Novak Djokovic is set to be denied his wish for next year’s Wimbledon after Carlos Alcaraz prevented the Serb from clinching an eighth triumph at the Championships and what would have been his fifth in a row. Alcaraz won 1-6, 7-6 (8-6), 6-1, 3-6, 6-4 in a classic and dramatic four-hour and 42-minute final on the most famous grass court in the world.
Djokovic had been looking to join Roger Federer on eight titles at the All England Club but will have to wait an extra 12 months to do so. The 23-time Grand Slam winner was left frustrated as he faced boos from the crowd for a time violation when he took too long to serve and a code violation for obliterating his racket against the net post. And there were tears post-match in his on-court interview as he spoke to his son Stefan, aged eight, up in his box, saying: “I love you, thank you for supporting me.”
And on top of the disappointment of being denied the title, when he returns in 2024, Djokovic is unlikely to get the earlier starts to the day on Centre Court that he has publicly called for. The Daily Mail reported last week that Wimbledon are concerned they would need to pay out millions to broadcasters, such as the BBC, to bring the 1.30pm start time forward.
Play on the No 1 Court – the only other arena with a retractable roof – currently begins at 1pm with action on the outside courts getting underway from 11am. But unlike the other Grand Slams, play at Wimbledon concludes at 11pm on the show courts despite the roof and LED lights. Andy Murray and Djokovic were both inflicted by the curfew time this year with Djokovic’s fourth-round match against Hubert Hurkacz starting on Sunday night and finishing on Monday afternoon.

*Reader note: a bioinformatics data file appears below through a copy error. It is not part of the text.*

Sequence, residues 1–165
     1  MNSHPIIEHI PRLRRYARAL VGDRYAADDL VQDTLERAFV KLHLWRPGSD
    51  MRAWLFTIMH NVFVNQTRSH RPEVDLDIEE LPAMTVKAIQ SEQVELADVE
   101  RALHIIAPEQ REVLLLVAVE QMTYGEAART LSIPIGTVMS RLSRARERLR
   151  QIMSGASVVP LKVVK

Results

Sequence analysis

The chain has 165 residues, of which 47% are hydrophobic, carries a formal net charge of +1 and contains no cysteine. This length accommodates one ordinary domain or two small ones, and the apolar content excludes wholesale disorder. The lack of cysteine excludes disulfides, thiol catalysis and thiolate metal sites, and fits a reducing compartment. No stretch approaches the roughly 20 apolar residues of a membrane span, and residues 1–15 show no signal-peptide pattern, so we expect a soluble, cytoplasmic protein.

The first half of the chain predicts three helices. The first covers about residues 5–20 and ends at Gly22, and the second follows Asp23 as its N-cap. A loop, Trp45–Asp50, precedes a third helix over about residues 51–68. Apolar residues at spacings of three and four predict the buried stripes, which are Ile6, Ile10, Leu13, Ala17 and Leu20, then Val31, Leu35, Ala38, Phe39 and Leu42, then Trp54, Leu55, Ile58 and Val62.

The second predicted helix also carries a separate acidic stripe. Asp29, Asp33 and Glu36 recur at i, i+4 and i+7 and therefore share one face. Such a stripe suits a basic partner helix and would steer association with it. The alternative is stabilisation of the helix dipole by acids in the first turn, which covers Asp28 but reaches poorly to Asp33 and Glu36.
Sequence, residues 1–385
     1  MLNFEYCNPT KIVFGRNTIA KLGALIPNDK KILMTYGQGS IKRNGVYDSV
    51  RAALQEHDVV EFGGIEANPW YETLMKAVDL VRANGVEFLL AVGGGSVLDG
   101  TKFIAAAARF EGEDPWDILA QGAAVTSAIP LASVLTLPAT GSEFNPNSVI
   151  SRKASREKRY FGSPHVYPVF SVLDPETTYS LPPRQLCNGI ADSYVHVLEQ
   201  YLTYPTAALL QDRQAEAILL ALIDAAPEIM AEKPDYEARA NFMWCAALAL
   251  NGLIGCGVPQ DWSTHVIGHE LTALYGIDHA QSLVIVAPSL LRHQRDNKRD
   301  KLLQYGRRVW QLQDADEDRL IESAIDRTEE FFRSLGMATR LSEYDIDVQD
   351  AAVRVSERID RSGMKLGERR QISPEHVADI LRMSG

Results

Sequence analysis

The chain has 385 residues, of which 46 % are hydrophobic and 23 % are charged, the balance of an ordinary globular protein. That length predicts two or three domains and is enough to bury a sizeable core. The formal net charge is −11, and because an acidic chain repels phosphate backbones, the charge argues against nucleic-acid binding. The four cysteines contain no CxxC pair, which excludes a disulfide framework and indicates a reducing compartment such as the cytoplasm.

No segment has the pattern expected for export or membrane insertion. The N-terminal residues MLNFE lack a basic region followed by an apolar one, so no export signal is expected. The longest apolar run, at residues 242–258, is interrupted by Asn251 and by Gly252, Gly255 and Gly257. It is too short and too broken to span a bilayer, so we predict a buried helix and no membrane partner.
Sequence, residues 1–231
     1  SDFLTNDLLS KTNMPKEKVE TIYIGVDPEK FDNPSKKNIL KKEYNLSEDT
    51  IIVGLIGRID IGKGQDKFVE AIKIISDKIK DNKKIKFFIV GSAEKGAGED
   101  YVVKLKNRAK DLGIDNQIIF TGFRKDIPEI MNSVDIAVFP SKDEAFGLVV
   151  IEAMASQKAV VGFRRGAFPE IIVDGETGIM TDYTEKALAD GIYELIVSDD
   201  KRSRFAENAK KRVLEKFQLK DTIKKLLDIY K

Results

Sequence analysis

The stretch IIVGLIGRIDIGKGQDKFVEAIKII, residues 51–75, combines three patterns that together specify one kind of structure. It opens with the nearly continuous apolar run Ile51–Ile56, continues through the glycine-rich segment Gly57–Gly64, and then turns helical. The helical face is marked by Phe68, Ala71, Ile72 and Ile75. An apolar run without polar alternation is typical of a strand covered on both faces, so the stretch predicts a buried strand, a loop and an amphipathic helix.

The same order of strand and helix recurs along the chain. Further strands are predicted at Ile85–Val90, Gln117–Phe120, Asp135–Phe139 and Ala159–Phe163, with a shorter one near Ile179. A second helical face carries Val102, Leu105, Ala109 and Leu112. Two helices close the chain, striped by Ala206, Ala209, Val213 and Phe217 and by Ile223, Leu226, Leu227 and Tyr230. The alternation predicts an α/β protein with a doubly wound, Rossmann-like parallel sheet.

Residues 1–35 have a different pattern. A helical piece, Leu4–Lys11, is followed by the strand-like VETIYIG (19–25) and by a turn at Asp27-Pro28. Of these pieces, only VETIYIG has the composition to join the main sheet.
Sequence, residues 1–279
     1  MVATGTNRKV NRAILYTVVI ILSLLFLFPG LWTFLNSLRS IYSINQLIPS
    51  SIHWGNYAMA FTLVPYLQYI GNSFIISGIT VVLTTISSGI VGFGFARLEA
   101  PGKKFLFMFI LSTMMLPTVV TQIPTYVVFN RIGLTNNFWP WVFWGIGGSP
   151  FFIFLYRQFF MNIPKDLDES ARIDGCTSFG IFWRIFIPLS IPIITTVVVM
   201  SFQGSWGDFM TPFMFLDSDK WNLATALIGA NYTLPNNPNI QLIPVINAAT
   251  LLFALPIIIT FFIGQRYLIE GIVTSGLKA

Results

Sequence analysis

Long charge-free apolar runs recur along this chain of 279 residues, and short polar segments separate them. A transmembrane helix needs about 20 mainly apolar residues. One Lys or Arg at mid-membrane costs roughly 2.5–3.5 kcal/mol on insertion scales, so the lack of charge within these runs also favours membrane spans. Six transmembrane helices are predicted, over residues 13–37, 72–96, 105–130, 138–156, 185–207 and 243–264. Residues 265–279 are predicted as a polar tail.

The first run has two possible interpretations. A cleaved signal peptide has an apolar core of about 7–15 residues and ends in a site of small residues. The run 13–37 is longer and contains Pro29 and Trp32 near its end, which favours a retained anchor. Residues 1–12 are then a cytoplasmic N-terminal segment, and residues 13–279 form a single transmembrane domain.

The Beeb and other broadcasters like the later starts because they get more matches at prime times. While it also suits the highly sought-after debenture ticket holders who have more time to eat their lunches in the hospitality suites before making their way to Centre or No 1 for the opening matches.
But Djokovic said: “Obviously curfew is probably something that is much more difficult to change, I understand, because of the community and the residential area we are in. I think the matches could be pushed at least to start at 12pm. I think it would make a difference.”
Despite his pleas, the Mail say Wimbledon will resist the calls to bring forward the times in fear of having to pay multi-million rebates. TV contracts would require renegotiations if the matches on Centre started from midday. The 11pm curfew is also here to stay as the Club look to avoid alienating their local residents, whose approval they sorely need for a huge 38-court expansion of the grounds at Wimbledon Park.
An All England Club statement on the match timings read: “We have traditionally begun play early in the afternoon on Centre and No 1 Courts with the aim of having those courts as full as possible for when the players walk on court. This is a key point of difference at Wimbledon compared to other tournaments.
“We know that a ‘day out at Wimbledon’ is the whole experience, an opportunity to walk around the grounds and view some tennis on the outside courts, indulge in a picnic or some strawberries and cream, and then settle in to enjoy the scheduled matches on Centre and No 1 Courts.
“There are many operational considerations which need to be taken into account when preparing the grounds and courts for play and all of this will be considered as part of our post-Championships review, as it is every year.”